## Chromatic Number of graphs | Graph coloring in Graph theory## Graph coloringGraph coloring can be described as a process of assigning colors to the vertices of a graph. In this, the same color should not be used to fill the two adjacent vertices. We can also call graph coloring as Vertex Coloring. In graph coloring, we have to take care that a graph must not contain any edge whose end vertices are colored by the same color. This type of graph is known as the Properly colored graph.
In this graph, we are showing the properly colored graph, which is described as follows: The above graph contains some points, which are described as follows: - The same color cannot be used to color the two adjacent vertices.
- Hence, we can call it as a properly colored graph.
There are various applications of graph coloring. Some of their important applications are described as follows: - Assignment
- Map coloring
- Scheduling the tasks
- Sudoku
- Prepare time table
- Conflict resolution
## Chromatic NumberThe chromatic number can be described as the minimum number of colors required to properly color any graph. In other words, the chromatic number can be described as a minimum number of colors that are needed to color any graph in such a way that no two adjacent vertices of a graph will be assigned the same color. ## Example of Chromatic number:To understand the chromatic number, we will consider a graph, which is described as follows: The above graph contains some points, which are described as follows: - The same color is not used to color the two adjacent vertices.
- The minimum number of colors of this graph is 3, which is needed to properly color the vertices.
- Hence, in this graph, the chromatic number = 3
- If we want to properly color this graph, in this case, we are required at least 3 colors.
## Types of Chromatic Number of Graphs:There are various types of chromatic number of graphs, which are described as follows:
A graph will be known as a cycle graph if it contains 'n' edges and 'n' vertices (n >= 3), which form a cycle of length 'n'. There can be only 2 or 3 number of degrees of all the vertices in the cycle graph.
- The chromatic number in a cycle graph will be 2 if the number of vertices in that graph is even.
- The chromatic number in a cycle graph will be 3 if the number of vertices in that graph is odd.
There are various examples of cycle graphs. Some of them are described as follows:
Chromatic number = 3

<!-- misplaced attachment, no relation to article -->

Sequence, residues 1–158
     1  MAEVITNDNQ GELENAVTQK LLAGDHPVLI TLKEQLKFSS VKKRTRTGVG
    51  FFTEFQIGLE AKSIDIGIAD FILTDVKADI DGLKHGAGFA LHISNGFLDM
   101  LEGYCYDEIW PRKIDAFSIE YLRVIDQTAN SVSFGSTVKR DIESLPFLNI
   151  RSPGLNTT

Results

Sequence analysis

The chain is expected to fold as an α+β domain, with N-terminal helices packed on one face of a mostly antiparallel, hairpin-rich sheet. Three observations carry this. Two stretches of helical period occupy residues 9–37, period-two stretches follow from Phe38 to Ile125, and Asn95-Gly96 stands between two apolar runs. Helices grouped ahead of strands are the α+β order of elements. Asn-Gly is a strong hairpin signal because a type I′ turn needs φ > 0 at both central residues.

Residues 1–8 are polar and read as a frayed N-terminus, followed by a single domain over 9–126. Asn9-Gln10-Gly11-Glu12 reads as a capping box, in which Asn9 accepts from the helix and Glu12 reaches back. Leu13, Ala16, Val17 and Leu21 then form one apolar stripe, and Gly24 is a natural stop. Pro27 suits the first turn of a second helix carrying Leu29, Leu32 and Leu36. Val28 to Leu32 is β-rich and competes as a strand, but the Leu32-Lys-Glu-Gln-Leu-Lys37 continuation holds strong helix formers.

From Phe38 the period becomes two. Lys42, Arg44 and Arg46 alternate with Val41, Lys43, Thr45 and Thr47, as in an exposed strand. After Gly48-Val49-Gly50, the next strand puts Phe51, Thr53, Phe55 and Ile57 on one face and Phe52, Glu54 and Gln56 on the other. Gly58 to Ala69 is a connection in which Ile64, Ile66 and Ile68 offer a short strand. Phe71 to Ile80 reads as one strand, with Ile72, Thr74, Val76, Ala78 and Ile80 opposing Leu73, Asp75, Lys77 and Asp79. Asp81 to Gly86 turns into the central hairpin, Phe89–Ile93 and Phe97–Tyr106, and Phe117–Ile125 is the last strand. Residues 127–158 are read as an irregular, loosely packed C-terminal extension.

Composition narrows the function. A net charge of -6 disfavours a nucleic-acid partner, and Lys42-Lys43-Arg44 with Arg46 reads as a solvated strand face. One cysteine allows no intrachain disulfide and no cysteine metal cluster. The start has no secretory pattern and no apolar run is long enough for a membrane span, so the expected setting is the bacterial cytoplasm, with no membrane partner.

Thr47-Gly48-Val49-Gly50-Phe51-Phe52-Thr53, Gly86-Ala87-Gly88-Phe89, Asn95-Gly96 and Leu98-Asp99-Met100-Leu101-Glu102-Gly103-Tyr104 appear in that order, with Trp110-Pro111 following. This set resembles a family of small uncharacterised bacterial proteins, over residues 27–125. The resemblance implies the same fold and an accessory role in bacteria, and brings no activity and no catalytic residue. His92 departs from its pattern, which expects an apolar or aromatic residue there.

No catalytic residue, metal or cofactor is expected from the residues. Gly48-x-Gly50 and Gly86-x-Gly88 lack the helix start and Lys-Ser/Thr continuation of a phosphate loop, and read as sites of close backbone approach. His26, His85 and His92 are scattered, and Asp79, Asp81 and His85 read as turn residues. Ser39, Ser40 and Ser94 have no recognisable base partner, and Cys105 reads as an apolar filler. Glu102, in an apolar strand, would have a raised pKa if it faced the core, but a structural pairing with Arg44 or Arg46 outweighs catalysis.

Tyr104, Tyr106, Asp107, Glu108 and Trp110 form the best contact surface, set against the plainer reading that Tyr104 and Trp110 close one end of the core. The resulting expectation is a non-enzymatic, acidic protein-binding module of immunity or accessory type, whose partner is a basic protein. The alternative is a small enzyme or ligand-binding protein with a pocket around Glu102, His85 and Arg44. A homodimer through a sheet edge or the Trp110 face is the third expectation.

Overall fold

Chromatic number = 2
Chromatic number = 2
A graph will be known as a planner graph if it is drawn in a plane. The edges of the planner graph must not cross each other.
- In a planner graph, the chromatic Number must be Less than or equal to 4.
- The planner graph can also be shown by all the above cycle graphs except example 3.
There are various examples of planer graphs. Some of them are described as follows:
Chromatic number = 3 Here, the chromatic number is less than 4, so this graph is a plane graph.
Chromatic number = 2 Here, the chromatic number is less than 4, so this graph is a plane graph.
Chromatic number = 5 Here, the chromatic number is greater than 4, so this graph is not a plane graph.
Chromatic number = 2 Here, the chromatic number is less than 4, so this graph is a plane graph.
A graph will be known as a complete graph if only one edge is used to join every two distinct vertices. Every vertex in a complete graph is connected with every other vertex. In this graph, every vertex will be colored with a different color. That means in the complete graph, two vertices do not contain the same color.
In a complete graph, the chromatic number will be equal to the number of vertices in that graph.
There are various examples of complete graphs. Some of them are described as follows:
Chromatic number = 4
Chromatic number = 5
A graph will be known as a bipartite graph if it contains two sets of vertices, A and B. The vertex of A can only join with the vertices of B. That means the edges cannot join the vertices with a set.
In any bipartite graph, the chromatic number is always equal to 2.
There are various examples of bipartite graphs. Some of them are described as follows:
Chromatic number = 2
A connected graph will be known as a tree if there are no circuits in that graph. In a tree, the chromatic number will equal to 2 no matter how many vertices are in the tree. Every bipartite graph is also a tree. Chromatic Number In any tree, the chromatic number is equal to 2.
There are various examples of a tree. Some of them are described as follows:
Chromatic number = 2
Chromatic number = 2 ## Real-life example of Chromatic NumberSuppose Marry is a manager in Xyz Company. The company hires some new employees, and she has to get a training schedule for those new employees. She has to schedule the three meetings, and she is trying to use the few time slots as much as possible for meetings. If there is an employee who has to be at two different meetings, then the manager needs to use the different time schedules for those meetings. Suppose we want to get a visual representation of this meeting. For the visual representation, Marry uses the dot to indicate the meeting. If there is an employee who has two meetings and requires to join both the meetings, then both the meeting will be connected with the help of an edge. The different time slots are represented with the help of colors. So the manager fills the dots with these colors in such a way that two dots do not contain the same color that shares an edge. (That means an employee who needs to attend the two meetings must not have the same time slot). The visual representation of this is described as follows: |